U.K. Admits It Will Remove Huawei From Phone Infrastructure After U.S. Ban

Two British secretaries of state have admitted that Huawei will definitely be removed from British telecommunication infrastructure.

The Chinese firm is currently allowed to provide up to 35 percent of the U.K.'s 5G network infrastructure and plays a key part in both 4G and 3G provision.

Under pressure from questioning, digital secretary Oliver Dowden admitted that it was a matter of "not if, but when" so-called "high-risk vendors" like Huawei were removed from British networks.

"The number one requirement is protecting national security," Digital, Culture, Media and Sport Secretary Oliver Dowden told a Defense Select Committee hearing on 5G security.

"I'm absolutely clear-eyed about the potential risk given it's a Chinese company... It's because of our concerns about high-risk vendors that we've excluded it from [core] infrastructure."

He also said that the U.S.' decision to ban Huawei products did play a part in this decision and that it placed the U.K. in a difficult position.

Asked directly if it was a case of whether it was "not if but when" Huawei and other high-risk vendors would be removed from British infrastructure, Dowden said: "Ultimately, but there's a big difference on the path to getting there.

"We do business with China all the time. We are not going to end up in a position where we are not doing business with China. We are clear-headed about the risk of Chinese companies, given particularly their intelligence laws. We are clear-headed and robust about voicing our concern, in particular about their human rights abuses."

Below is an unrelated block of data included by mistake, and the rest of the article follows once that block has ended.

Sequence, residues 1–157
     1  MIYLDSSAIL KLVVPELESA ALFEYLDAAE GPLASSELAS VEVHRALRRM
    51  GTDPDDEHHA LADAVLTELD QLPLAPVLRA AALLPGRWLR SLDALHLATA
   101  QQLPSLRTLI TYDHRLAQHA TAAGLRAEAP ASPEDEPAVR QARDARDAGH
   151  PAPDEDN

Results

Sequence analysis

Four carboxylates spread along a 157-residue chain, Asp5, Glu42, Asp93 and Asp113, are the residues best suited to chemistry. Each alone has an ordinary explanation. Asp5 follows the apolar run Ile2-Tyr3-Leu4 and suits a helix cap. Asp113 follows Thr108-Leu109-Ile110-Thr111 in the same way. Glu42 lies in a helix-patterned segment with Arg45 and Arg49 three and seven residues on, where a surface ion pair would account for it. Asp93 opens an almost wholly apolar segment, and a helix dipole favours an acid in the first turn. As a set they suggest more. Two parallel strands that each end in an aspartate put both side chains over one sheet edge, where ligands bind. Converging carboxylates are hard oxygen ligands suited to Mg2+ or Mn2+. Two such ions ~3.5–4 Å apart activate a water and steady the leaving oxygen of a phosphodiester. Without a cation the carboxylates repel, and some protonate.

It was widely rumored that U.K. Prime Minister Boris Johnson had drawn up a "three-year plan" to phase out Huawei but that had not been confirmed by ministers.

On Tuesday morning, he told reporters that he was clearly "not a Sinophobe" (someone who is scared of trading with China) and that trading relations would continue, despite recent actions by China around the independence of Hong Kong.

Huawei store reopens in Barcelona
Huawei is under pressure in Europe after the U.S.'s ban on the company's products Getty

U.K. Defence Secretary Ben Wallace, who was also attending the Defence Select Committee, said that it was time to move.

"The government's ambition is, over time, to remove high-risk vendors from the network. No-one wants high-risk vendors in the network," he said.

"How we achieve that and what time frame... all of this goes back to the technical advice. One is the geopolitical debate, it's an entirely legitimate debate.

"Then there's the technical debate: what [systems and capacity] you can take out and live with right now and how you can turn around an oil tanker.

"We all hoped China would emerge through trade, through capitalism, through freedom into a modern democracy that alongside trade would go respect for rights etc.

"Most people in parliament believed that for many years so that was the economic partnership over deades that was set up with the Chinese and you don't just suddenly switch it off and put a handbrake on your oil tanker."

Wallace also agreed that the decision by Donald Trump to ban Huawei from the U.S. was a key part of this decision-making process.

"Fundamentally, the timeline will be set by two things. One is what other states are doing, so the United States' latest round of sanctions is a fact and it is a better set of sanctions than their earlier set and it's specifically clearly designed in a smarter way to put countries which have high-risk vendors, specifically Huawei in the American sanctions case, under greater pressure and we'll have to take steps depending on the technical advice, which I have not yet seen, to mitigate.

"The other part of it is we feel in the here and now that we can ban it from the core, that we can cap it on the outer core and work towards cutting it out of the system at a date that fits the technical advice. No-one in government wants to compromise security."

Huawei has been contacted for comment.

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